Amy Purdy’s full-time job is helping others. Literally. As co-founder and executive director of Adaptive Action Sports (AAS), Purdy devotes every minute of her day to increasing the visibility of the disabled athlete, along with providing countless opportunities to those who have grown accustomed to hardship. But Purdy, herself a double transtibial amputee, is still surprised at how her life’s path has twisted and turned during the past 8 years.
Purdy was 19 years old in 1999 when her life took an unexpected turn. Working as a massage therapist at the time, the Las Vegas native was enjoying her post-high school life by doing what she did best: snowboarding. The possibilities were endless for Purdy. She was a well-respected snowboarder in a burgeoning extreme sports sect of the country, working a job that provided her the flexibility to lead an active and adventurous lifestyle. What happened next no one could have predicted.
Battling for her life
Purdy became sick with what seemed to be nothing more than flu-like symptoms and a “keep-your-eye-on-it” fever. But when Purdy awoke the next morning she knew something was seriously wrong. What seemed at the time to just be the flu was actually bacterial meningitis. She suffered multiple organ failure, both lungs had collapsed, and she slipped into a coma for 3 weeks. The lack of blood flow to her extremities left the doctors no choice but to amputate both of her legs below the knee. On top of her amputation, Purdy would also need a kidney transplant, which occurred in 2000. Although the traumatic events of those 2 years were life altering, the fact that Purdy, who was told she had a 2% chance of living, made it was astounding.
As Purdy set off on her road to recovery she was met with frustration. The difficulties she faced had nothing to do with her adjusting to her new prostheses (she was up riding again 7 months after her amputation) or regaining her strength following the transplant surgery, but rather the lack of action sports events for disabled athletes. She wondered why she could easily explore avenues if she wanted to be a disabled skier (skiing is a Paralympic event), but not snowboarding. She found it unfair that as action sports were becoming as mainstream as basketball and football, there still were no sponsored competitions aimed at disabled action-sports athletes. She had found her calling.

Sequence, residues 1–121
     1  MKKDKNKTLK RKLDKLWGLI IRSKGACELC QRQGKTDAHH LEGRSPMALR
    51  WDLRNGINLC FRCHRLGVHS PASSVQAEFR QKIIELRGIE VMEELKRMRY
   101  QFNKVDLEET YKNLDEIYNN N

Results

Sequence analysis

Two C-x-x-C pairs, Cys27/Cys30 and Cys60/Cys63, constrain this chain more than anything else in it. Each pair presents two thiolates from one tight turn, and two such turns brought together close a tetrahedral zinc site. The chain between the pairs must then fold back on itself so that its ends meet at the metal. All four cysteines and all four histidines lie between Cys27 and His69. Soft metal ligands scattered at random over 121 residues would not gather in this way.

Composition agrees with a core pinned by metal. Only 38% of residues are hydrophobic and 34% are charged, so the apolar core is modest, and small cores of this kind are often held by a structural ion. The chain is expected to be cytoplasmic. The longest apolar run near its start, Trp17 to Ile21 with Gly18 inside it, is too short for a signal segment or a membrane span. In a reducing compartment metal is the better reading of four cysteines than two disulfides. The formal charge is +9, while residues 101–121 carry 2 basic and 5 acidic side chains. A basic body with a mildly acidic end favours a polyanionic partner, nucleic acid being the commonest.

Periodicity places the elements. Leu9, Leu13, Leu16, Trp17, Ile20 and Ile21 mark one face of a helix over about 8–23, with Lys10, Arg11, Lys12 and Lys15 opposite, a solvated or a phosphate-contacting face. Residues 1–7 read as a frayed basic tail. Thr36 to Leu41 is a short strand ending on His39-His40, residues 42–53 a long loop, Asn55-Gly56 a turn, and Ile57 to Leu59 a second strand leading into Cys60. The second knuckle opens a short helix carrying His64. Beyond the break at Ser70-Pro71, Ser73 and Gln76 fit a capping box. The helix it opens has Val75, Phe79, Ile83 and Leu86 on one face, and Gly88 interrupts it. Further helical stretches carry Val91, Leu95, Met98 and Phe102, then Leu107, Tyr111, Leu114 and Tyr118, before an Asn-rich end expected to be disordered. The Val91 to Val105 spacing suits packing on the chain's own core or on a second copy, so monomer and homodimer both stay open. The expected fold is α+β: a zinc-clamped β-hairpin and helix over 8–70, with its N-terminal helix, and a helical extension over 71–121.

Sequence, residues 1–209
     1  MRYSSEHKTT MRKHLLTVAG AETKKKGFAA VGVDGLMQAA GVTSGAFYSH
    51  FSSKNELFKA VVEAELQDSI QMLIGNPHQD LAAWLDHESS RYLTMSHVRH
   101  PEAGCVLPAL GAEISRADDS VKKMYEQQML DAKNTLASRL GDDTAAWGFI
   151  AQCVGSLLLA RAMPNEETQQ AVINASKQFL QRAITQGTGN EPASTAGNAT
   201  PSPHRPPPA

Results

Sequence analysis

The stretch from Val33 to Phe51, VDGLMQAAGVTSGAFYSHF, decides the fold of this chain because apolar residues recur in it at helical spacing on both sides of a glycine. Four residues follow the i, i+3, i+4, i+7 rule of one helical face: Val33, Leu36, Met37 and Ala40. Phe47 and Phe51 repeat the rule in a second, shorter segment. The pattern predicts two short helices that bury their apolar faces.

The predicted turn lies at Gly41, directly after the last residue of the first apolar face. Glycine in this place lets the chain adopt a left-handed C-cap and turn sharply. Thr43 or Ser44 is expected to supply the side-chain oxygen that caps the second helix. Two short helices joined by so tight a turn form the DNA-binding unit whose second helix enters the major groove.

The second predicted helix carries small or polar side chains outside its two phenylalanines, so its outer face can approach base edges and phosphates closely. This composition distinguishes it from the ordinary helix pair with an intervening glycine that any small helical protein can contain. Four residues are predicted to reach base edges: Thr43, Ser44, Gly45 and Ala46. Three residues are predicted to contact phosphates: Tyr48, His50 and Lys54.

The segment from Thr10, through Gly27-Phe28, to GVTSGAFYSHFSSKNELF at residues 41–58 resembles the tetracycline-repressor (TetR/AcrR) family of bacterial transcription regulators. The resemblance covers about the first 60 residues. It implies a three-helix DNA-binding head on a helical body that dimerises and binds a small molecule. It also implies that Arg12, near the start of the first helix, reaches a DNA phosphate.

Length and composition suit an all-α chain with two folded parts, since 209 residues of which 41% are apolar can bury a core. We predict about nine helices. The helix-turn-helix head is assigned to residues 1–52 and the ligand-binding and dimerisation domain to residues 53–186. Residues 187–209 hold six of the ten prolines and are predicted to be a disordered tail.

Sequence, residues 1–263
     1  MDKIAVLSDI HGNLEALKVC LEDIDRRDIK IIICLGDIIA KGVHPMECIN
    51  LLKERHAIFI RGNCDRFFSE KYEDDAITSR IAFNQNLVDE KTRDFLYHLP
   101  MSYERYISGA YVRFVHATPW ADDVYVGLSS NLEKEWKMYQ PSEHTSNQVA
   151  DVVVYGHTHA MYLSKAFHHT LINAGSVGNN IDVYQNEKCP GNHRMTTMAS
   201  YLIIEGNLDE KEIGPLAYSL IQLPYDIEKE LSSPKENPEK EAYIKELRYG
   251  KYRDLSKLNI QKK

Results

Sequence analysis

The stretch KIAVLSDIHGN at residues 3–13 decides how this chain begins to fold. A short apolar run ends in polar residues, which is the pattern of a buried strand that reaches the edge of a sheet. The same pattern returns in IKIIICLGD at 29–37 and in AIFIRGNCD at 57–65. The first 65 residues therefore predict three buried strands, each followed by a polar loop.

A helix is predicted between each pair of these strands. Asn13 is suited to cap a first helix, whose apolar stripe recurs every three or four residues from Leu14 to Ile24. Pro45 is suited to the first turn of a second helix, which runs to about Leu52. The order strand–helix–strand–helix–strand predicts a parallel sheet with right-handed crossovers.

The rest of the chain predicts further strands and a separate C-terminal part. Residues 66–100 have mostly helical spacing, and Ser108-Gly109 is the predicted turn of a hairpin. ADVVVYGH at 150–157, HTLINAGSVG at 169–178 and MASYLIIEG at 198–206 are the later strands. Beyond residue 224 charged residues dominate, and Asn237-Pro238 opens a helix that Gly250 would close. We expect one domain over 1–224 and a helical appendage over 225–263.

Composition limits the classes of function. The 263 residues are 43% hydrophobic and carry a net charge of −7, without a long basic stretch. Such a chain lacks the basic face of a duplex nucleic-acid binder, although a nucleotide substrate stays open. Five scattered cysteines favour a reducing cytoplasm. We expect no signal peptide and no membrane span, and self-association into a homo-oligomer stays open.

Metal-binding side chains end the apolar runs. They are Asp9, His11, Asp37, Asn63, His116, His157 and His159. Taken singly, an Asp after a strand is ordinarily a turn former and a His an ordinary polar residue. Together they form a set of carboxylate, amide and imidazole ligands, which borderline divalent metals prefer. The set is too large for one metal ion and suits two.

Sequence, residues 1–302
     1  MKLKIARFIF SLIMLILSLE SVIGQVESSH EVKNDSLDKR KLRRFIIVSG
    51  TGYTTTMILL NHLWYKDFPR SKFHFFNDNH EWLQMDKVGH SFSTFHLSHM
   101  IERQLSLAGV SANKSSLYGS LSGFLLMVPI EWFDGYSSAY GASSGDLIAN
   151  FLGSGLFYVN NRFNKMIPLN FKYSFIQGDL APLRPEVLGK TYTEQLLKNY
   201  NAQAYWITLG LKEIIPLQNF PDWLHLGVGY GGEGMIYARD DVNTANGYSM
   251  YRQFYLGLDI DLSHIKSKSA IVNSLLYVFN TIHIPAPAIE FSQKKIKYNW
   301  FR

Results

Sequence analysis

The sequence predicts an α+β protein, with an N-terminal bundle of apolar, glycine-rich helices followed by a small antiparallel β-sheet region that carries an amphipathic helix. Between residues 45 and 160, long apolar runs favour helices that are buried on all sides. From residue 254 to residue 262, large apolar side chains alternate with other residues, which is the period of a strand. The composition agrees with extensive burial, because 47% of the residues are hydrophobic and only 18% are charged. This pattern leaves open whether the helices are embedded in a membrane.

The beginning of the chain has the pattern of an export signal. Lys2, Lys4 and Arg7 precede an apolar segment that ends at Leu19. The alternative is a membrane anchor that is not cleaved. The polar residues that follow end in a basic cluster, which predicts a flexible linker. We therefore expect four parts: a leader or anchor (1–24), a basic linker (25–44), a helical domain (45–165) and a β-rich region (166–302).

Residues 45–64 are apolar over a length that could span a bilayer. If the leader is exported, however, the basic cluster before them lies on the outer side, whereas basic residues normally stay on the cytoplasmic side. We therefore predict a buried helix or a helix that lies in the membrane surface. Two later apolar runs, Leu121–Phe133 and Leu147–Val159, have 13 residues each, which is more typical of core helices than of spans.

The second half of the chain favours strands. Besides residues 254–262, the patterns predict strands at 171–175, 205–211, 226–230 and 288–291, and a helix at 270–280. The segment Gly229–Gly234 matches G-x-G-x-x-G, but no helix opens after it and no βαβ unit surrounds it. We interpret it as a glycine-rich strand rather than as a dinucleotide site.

Getting back on the board
“When I first lost my legs I wanted to get back into snowboarding and I did a ton of research – and everyone wanted to sponsor me to ski. I had all this support if I wanted to be a skier or a runner, but not snowboarding, which is what I had been doing for so long,” Purdy said. “That is why we started Adaptive Action Sports. There are tons of disabled snowboarders. This year we [helped sponsor] the [United States of America Snowboard Association National Competition] and we had disabled snowboarders from six countries show up, which was incredible.”